Healthy Workplaces

shutterstock_51861817The search is on to find the world’s healthiest workplaces
This spring, London is hosting a new award scheme and summit aimed at finding the world’s healthiest workplaces, namely organisations using the most innovative programmes and practices to make the biggest impact on the health and well-being of employees and their surrounding communities.

The Global Healthy Workplace Awards and Summit, sponsored by Cigna, an international health insurance and service company, will be held from the 10th to 12th April 2013 in London at the Waldorf Hotel.

The award scheme is the first to use the World Health Organization (WHO) Healthy Workplace guidelines to recognise programmes in the global workplace.

The WHO Healthy Workplace Framework covers four main avenues of influence: physical work environment, psychosocial work environment, personal health resources and enterprise–community involvement. Awards will be given in three categories: large employers, small and medium-sized enterprises and organisations that excel in one of the four key areas.

The two-day summit will include the identification of emerging and better practices, and finalists will have an opportunity to share ideas with the summit’s attendees. The second day will be devoted to presentations and dialogue related to workplace and community health among global business and health leaders.

Commenting on the awards, Dave Guilmette, President of Cigna’s Global Employer Segment, said, “Communities and workplaces around the world are facing rising chronic disease and escalating health care costs. Cigna is convening global experts to shine a light on best practices that will make workplaces more productive and competitive and, in doing so, will improve the state of global health.”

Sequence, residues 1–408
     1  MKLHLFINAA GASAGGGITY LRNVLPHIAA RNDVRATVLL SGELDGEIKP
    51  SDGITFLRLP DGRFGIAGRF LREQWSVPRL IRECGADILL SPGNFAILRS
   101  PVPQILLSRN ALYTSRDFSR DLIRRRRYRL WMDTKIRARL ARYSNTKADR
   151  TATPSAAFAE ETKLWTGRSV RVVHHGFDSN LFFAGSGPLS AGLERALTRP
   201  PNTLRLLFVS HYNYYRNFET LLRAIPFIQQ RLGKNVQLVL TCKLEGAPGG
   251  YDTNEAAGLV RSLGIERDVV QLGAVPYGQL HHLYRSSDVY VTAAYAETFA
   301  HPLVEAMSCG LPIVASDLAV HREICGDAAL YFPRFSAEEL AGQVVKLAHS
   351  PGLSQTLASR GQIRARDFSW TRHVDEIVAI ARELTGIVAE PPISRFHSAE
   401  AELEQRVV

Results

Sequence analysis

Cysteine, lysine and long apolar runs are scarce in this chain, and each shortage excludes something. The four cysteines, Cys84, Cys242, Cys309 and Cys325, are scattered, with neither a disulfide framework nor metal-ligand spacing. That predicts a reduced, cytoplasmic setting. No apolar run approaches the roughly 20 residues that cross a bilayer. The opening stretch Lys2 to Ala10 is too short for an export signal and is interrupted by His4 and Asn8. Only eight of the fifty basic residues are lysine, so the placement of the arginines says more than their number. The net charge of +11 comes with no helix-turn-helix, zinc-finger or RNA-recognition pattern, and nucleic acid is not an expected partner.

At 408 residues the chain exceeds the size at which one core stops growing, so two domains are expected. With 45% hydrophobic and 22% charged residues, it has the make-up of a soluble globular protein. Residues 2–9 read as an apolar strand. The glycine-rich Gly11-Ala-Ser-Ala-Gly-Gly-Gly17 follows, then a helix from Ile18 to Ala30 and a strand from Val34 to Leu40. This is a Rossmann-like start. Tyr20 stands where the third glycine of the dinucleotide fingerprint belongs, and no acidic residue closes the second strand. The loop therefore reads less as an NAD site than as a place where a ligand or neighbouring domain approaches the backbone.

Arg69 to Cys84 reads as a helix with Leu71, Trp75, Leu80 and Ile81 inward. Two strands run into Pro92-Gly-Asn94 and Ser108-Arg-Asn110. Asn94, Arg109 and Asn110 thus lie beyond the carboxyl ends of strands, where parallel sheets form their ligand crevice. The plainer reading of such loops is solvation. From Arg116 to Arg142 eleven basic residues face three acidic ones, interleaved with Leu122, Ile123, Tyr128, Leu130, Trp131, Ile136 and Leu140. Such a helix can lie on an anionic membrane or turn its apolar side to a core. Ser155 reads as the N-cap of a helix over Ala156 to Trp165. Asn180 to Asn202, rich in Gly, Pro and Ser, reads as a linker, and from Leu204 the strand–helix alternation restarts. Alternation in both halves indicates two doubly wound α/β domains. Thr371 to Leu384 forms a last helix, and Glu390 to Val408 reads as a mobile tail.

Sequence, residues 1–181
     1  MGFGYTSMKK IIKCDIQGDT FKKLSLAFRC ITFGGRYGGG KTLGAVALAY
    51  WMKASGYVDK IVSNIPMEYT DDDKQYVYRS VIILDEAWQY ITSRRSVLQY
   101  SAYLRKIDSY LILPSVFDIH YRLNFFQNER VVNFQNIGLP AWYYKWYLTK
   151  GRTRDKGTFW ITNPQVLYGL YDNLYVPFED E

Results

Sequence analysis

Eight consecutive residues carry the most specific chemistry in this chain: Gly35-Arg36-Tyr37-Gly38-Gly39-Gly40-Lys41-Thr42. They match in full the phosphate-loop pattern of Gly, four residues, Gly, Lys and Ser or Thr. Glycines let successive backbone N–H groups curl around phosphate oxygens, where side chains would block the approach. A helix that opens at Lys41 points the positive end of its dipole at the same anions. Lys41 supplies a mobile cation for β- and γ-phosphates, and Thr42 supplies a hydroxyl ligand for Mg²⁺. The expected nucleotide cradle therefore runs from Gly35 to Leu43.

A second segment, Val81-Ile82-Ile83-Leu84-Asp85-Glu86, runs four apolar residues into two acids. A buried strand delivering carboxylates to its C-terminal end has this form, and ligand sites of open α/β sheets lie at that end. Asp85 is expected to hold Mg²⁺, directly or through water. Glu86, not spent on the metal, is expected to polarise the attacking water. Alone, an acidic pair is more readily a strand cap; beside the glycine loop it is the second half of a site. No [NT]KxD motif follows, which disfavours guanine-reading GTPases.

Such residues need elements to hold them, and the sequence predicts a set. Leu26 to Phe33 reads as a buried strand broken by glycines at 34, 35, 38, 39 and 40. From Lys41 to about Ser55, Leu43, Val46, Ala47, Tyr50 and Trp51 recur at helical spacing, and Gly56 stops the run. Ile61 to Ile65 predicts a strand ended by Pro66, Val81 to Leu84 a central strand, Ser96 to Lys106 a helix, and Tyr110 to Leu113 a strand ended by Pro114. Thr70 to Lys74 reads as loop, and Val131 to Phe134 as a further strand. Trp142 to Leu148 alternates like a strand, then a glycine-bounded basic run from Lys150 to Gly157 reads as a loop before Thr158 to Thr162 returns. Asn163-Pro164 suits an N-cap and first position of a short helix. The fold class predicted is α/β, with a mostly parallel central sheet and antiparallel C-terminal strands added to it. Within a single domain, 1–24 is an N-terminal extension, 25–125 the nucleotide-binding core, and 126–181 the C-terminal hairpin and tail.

Why promote workplace health?
The European Agency for Safety and Health at Work (EU-OSHA) has published two new reports on the factors motivating employers and workers to carry out and participate in workplace health promotion activities.

The first report focuses on the motivating factors for employers to carry out programmes, and the second on the motivation for workers to participate.

It is argued that workplace health promotion programmes can benefit everyone – workers, companies and society.

The researchers say that workplace health promotion “means more than simply meeting the legal requirements on health and safety” but also encompasses “employers actively helping their staff improve their own general health and wellbeing”.
Workplace health promotion programmes are often closely related to risk assessment and may focus on various key areas, including:

  • Participation of employees in the process of improving work organisation
  • Active involvement and consultation of employees in improving their work environment
  • Raising the topic of healthy eating at work, giving information on healthy nutrition as well as offering healthy canteen food or facilities to prepare food